Lee Oskar Quick Start Harmonica Kit for Guitar and Ukulele
His hornlike lead and harmony lines with the funk-jazz band War made harmonica (more commonly called a harp) player Lee Oskar a legend, and this ace musician decided to take it a big step further when he created his own harp company over three decades ago. Since then, the instrument line has become a mainstay in the harp industry for beginners and pros alike. Now, Oskar’s Quick Start Kit is available for that artist who wants to add something to spice up his or her performance, or just wants to have more fun.
The package contains four harps, minor-key as well as major-key, and a neck holder for those who want to accompany themselves on a different instrument while playing the harp. It’s labeled for guitar and uke players, but it goes way beyond that, as it’s the ideal package for both the novice and the experienced harp player. With a 16-page instructional booklet that is supported by the educational website www.leeoskarquickguide.com, this is a great holiday gift idea for any artist of any genre.
Martin Jason Isbell Signature Edition D-18 (above, left)
At the summer NAMM convention in Nashville, Jason Isbell said that the primary feature he charged the builders at Martin’s Custom Shop with in creating his Signature Edition D-18 was that he wanted a guitar that was LOUD. Well, he got his wish with this deceptively lightweight D-size axe.
Closely modeled after Martin’s Golden Era series, this guitar boasts an Adirondack spruce top with mahogany back and sides, which all contribute to a balanced and powerful tone. The authentic 1939 standard taper neck, also mahogany, has a fingerboard of ebony, which is also what the bridge and heel cap are made of. The secret weapon here is hide glue, which dissolves into the grain of the wood to help create more resonance. The thin finish and absence of a pickguard help make a loud guitar even louder. Isbell added a personal touch by including a custom inlay of the tattoo on his upper right arm at the 12th fret. This is a guitar that really projects, while combining the features of the old and the new.
Epiphone James Bay Century Electric Archtop Hollowbody
One way to get some attention is to play a cool guitar everyone else isn’t playing. It’s worked great for popular English singer-songwriter-guitar slinger James Bay, whose use of a 1966 Epiphone Century archtop has put him in the ranks of players who have signature model guitars with, namely, the Epiphone James Bay Century Electric Archtop Hollowbody.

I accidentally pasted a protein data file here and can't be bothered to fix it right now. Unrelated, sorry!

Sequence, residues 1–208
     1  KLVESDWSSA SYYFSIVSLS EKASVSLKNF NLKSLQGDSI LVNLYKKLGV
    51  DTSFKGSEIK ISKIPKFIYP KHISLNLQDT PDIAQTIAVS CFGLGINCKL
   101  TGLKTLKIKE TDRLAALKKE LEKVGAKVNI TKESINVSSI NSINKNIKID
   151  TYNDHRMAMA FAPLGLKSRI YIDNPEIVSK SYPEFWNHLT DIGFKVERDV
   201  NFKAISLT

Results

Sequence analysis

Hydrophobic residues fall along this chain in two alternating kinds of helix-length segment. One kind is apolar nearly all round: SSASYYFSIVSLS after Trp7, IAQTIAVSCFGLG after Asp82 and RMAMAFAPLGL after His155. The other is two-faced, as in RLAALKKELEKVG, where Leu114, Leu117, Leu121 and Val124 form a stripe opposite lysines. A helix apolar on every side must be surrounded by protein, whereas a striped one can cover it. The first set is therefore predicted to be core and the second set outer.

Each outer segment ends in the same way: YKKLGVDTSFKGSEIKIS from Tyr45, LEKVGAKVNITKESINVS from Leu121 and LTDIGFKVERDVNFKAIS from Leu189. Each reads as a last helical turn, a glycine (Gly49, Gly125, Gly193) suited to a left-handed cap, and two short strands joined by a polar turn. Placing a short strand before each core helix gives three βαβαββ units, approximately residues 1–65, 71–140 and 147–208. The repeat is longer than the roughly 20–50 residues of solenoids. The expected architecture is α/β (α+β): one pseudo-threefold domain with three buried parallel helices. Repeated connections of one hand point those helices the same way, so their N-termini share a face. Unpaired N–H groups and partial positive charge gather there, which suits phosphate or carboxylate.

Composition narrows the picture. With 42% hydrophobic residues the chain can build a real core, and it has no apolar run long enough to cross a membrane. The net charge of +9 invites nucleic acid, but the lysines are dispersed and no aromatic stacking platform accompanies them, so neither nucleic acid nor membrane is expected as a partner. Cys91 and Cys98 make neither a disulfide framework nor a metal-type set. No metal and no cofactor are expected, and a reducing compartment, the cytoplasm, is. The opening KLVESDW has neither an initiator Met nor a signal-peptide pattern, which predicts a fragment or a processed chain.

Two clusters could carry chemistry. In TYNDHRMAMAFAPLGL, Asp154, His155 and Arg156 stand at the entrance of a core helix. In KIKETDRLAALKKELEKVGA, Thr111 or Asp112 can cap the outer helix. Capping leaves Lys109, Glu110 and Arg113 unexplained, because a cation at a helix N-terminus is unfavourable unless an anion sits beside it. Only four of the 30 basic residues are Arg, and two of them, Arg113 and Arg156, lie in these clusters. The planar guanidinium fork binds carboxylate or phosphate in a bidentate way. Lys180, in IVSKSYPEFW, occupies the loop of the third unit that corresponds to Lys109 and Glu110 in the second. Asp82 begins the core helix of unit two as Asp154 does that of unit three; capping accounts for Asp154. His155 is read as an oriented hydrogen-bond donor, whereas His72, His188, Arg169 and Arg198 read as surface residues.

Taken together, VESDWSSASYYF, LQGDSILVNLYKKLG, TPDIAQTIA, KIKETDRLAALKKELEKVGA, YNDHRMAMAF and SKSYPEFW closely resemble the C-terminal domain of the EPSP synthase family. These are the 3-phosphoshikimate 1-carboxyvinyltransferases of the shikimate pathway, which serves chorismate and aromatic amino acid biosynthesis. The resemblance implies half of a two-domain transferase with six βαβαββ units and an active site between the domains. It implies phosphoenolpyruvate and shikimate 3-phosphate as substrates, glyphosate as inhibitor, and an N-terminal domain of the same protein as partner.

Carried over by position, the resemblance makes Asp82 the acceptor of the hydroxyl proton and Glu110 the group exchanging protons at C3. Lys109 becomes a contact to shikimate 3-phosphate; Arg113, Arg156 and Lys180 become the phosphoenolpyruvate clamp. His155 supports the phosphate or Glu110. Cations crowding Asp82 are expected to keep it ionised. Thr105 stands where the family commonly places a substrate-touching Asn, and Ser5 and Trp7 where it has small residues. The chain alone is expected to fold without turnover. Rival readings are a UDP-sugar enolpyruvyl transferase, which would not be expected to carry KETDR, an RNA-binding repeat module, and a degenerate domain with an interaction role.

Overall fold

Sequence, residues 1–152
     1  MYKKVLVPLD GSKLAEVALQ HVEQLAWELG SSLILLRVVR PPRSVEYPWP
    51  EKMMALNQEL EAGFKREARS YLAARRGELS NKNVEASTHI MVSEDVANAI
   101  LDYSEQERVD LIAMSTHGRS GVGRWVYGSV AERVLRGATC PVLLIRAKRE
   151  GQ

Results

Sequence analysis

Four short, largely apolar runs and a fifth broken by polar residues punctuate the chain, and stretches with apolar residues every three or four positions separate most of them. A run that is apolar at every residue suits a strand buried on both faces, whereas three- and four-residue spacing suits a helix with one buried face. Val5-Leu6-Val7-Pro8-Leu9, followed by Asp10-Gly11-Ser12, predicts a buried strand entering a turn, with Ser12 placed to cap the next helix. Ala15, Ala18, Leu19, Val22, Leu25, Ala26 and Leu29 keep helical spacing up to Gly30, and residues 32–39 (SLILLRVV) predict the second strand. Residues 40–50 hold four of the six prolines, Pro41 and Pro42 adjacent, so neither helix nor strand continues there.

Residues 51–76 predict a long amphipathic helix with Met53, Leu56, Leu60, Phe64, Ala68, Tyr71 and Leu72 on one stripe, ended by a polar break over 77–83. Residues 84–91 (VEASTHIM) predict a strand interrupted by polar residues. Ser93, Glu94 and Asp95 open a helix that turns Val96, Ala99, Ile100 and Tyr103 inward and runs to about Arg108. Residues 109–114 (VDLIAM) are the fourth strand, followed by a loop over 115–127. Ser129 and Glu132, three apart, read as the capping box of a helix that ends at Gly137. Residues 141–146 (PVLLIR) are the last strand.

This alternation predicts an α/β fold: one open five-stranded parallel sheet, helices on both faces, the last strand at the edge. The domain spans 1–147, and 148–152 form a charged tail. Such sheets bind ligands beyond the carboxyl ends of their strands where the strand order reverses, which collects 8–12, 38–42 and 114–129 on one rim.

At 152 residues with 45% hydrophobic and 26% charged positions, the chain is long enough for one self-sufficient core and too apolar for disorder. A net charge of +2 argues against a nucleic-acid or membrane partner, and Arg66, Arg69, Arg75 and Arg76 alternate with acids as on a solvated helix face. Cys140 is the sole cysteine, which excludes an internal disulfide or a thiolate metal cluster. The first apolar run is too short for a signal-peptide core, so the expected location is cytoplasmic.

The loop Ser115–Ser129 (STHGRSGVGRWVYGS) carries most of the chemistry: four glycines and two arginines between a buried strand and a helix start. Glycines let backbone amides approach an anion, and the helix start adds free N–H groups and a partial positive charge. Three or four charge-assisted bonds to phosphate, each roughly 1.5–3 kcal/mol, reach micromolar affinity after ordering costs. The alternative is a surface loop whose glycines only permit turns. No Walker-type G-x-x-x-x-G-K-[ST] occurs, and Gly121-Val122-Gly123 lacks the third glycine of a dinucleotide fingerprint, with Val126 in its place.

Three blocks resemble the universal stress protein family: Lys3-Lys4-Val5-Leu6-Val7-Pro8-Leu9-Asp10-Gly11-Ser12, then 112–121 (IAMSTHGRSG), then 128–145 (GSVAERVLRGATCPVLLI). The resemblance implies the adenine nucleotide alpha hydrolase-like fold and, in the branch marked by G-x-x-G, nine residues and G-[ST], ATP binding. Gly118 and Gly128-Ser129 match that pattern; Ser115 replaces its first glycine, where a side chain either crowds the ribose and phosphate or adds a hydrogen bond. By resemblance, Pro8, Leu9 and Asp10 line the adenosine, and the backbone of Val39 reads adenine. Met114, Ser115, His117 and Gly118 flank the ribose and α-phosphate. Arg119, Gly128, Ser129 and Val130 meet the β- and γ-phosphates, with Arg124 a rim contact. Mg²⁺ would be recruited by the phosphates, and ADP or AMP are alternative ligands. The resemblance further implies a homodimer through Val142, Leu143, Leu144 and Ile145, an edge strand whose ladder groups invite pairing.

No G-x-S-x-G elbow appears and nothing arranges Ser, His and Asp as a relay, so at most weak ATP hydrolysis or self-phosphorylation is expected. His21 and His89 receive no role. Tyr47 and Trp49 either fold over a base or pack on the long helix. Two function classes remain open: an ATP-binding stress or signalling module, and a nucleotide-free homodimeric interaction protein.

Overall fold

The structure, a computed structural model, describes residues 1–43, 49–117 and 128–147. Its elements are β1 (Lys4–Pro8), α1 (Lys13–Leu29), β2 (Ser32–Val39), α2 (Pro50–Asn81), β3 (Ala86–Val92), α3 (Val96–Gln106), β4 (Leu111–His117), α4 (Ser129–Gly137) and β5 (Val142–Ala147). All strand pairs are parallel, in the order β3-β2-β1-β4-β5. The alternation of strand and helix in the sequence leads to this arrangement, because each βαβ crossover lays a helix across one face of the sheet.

This guitar’s body is thin but the instrument is deceptively heavy, courtesy of the dense mahogany neck. There’s not a lot of guesswork with the knobs — there’s volume and tone for the Kinman single-coil P-90 pickup, and the sound is cutting and versatile. The white PVC pickguard with raised Epiphone “E” against the gloss cherry finish makes for an awesome look. Whether you’re looking for something different for your guitar arsenal, or you’re just buying your first electric, the James Bay Century is worth a look and listen, as an axe this cool is sure to produce some good songs and some sweet notes. It comes with a 1960’s Century hard case and replica of James Bay’s strap.
Fender Brad Paisley Signature Road Worn Telecaster Electric Guitar
You can now count Brad Paisley among the musicians who now have a “signature” model instrument, and this one has been a long time in coming. Fender’s new Road Worn Telecaster was designed by longtime-Tele player Paisley, based on a ’63 Tele of his own, with a couple unique touches, like a cool paisley pickguard, a distressed silver sparkle finish, and a body core of extremely lightweight Chinese paulownia with spruce overlay. The neck and fretboard are maple, and the tuners and three-saddle bridge are vintage style.